Chicago Sun-Times
with sports reporters Daryl Van Schouwen and Chris De Luca

Pierzynski hits inside-park homer in Sox win

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GLENDALE, Ariz. -- A.J. Pierzynski got plenty of running in during the White Sox' 6-3 win against the Arizona Diamondbacks on Friday night. After hitting two doubles against left-hander Joe Saunders in his first two at-bats, the White Sox catcher legged out an inside-the-park home run against right-hander Brett Lorin.

"I saw [third-base coach] Joe [McEwing] waving me and when I hit third, Blummer [former teammate Geoff Blum] was like 'You gotta go, tubby.' So, I thought that was rather funny.''

Pierzynski almost cleared the center-field wall, the ball bouncing off the top into right field, where Justin Upton tracked it down.

"When I hit it, I thought I hit it good enough that it was going to be a regular home run,'' said Pierzynski, who has three homers this spring. "It just kept going. I saw it hit and I wasn't sure if it was out or still in. I saw Upton chasing it and I was like it's a foot race and he'll proabably win.''

Gavin Floyd walked five and allowed five hits in six innings, but worked out of trouble and allowed two runs. Left-hander Hector allowed his first run of the spring, a homer to AJ Pollack in the seventh, before right-hander Nate Jones pitched two scoreless innings for the save.

The Sox dugout was up for grabs when Pierzynski got there. Pierzynski appeared to have been smiling rounding third and he slid into home without a play, although the relay throw home arrived at about the same time.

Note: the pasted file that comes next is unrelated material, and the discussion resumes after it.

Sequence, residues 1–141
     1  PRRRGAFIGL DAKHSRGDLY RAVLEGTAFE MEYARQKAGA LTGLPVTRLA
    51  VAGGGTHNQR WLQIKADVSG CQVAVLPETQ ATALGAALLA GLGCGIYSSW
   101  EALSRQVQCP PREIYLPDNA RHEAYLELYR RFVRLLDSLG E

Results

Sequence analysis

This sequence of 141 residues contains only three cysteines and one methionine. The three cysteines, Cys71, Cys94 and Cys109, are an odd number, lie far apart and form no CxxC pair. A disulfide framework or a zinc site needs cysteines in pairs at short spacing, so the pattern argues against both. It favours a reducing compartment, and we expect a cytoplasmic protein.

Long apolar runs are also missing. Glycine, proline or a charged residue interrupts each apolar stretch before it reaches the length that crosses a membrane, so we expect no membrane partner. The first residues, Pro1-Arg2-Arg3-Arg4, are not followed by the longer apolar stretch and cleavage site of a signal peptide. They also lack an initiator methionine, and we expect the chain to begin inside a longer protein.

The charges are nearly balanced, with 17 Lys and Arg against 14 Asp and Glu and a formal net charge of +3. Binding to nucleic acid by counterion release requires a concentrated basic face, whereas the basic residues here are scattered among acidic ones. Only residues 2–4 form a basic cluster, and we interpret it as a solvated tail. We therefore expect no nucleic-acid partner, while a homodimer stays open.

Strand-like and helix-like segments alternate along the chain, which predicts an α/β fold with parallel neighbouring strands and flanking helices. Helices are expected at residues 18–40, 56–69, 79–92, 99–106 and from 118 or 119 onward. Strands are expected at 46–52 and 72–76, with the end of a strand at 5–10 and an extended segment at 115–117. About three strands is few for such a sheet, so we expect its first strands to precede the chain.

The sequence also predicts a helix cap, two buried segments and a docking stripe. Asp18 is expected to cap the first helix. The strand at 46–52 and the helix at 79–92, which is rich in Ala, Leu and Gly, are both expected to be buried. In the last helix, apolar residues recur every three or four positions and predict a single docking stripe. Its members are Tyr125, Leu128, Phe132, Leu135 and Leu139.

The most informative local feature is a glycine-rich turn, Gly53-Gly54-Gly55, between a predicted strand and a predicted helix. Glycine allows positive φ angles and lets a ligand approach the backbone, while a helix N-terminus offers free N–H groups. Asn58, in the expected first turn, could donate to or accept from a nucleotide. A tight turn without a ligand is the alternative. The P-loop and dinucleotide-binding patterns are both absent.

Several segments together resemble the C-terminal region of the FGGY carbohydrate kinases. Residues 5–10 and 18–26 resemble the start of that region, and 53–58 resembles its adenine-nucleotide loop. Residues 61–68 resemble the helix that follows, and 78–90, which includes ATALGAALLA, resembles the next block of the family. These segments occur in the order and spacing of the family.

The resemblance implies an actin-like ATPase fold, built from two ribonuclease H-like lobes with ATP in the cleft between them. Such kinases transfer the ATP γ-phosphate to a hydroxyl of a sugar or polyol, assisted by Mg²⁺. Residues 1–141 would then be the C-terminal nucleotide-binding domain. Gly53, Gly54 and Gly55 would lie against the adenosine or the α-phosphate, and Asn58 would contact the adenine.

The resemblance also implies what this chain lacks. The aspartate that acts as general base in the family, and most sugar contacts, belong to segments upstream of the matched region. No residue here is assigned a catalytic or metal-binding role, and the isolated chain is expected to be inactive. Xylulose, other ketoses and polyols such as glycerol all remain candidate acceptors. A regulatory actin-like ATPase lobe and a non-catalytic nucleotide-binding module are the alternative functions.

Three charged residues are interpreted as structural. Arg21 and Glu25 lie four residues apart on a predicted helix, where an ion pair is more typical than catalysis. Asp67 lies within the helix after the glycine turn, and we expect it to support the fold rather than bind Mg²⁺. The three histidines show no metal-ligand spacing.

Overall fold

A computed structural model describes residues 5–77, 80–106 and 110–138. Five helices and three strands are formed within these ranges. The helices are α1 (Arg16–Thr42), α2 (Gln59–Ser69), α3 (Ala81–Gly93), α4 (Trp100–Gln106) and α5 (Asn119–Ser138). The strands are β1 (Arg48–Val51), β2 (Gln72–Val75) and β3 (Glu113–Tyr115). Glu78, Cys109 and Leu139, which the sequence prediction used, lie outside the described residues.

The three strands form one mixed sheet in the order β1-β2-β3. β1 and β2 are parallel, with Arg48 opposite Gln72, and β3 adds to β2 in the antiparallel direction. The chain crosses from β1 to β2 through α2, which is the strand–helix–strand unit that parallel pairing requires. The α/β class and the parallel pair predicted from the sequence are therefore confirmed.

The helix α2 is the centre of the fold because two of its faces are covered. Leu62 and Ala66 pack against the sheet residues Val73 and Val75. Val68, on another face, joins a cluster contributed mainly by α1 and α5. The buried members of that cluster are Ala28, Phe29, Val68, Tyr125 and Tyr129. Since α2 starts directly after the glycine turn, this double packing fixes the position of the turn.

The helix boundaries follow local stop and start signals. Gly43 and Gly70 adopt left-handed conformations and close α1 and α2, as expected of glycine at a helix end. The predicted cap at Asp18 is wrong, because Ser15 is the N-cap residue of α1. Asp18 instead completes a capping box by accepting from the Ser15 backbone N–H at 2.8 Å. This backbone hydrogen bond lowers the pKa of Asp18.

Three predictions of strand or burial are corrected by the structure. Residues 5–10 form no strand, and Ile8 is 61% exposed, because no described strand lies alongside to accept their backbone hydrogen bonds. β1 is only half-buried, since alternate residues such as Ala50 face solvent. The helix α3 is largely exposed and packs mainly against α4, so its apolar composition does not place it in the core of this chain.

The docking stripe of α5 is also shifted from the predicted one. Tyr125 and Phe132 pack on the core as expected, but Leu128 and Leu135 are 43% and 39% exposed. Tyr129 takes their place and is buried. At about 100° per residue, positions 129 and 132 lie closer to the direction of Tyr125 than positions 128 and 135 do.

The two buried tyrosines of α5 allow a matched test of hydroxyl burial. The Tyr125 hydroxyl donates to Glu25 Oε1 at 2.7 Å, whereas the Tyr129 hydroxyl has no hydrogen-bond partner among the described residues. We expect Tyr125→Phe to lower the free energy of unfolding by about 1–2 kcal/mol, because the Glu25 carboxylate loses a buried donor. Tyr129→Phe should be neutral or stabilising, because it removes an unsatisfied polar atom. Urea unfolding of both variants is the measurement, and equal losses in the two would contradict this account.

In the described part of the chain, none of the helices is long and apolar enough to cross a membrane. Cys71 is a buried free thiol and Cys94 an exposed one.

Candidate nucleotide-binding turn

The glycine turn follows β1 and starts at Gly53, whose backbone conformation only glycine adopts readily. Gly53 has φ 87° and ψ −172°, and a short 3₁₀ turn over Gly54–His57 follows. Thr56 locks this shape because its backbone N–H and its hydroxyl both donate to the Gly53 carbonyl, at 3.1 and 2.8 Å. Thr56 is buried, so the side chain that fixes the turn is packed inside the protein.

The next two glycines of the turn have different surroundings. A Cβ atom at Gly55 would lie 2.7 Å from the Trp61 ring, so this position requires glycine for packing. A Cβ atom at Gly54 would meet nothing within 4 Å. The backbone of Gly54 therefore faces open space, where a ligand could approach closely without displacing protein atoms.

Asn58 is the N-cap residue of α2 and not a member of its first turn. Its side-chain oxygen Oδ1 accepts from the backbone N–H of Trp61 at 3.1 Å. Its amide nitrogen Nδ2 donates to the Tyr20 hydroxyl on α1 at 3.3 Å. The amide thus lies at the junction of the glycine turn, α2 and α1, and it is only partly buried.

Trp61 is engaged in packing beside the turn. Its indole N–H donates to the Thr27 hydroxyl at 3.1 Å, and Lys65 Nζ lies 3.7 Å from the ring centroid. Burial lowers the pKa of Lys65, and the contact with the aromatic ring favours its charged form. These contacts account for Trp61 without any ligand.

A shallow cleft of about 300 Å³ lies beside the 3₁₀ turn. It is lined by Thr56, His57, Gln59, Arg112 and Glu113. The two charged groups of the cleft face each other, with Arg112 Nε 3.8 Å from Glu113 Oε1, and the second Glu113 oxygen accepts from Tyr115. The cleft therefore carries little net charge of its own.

"I actually hit one in Triple-A and I think I hit one in A-ball too,'' Pierzynski said. "But I just remember when I was hitting second thinking about {Paul] Konerko talking trash for all these years about him having one in the big leagues. I was thinking that I have to score on this one so I don't have to hear about it from him.''

Floyd, projected as the No. 3 starter in the rotation, said he felt better as the game went along. He did not have good command, especially early, of his breaking pitches.

"That's what pitching is all about,'' Floyd said. "When you don't feel the greatest, when you're out there battling, you try to make pitches. If you don't hit your spots, be repetitive [and try to] execute pitches and keep the team in the game. That's what we're paid to do.

"I'm progressing. In a couple of starts I'll need where I need to be.''

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This page contains a single entry by Daryl Van Schouwen published on March 23, 2012 10:55 PM.

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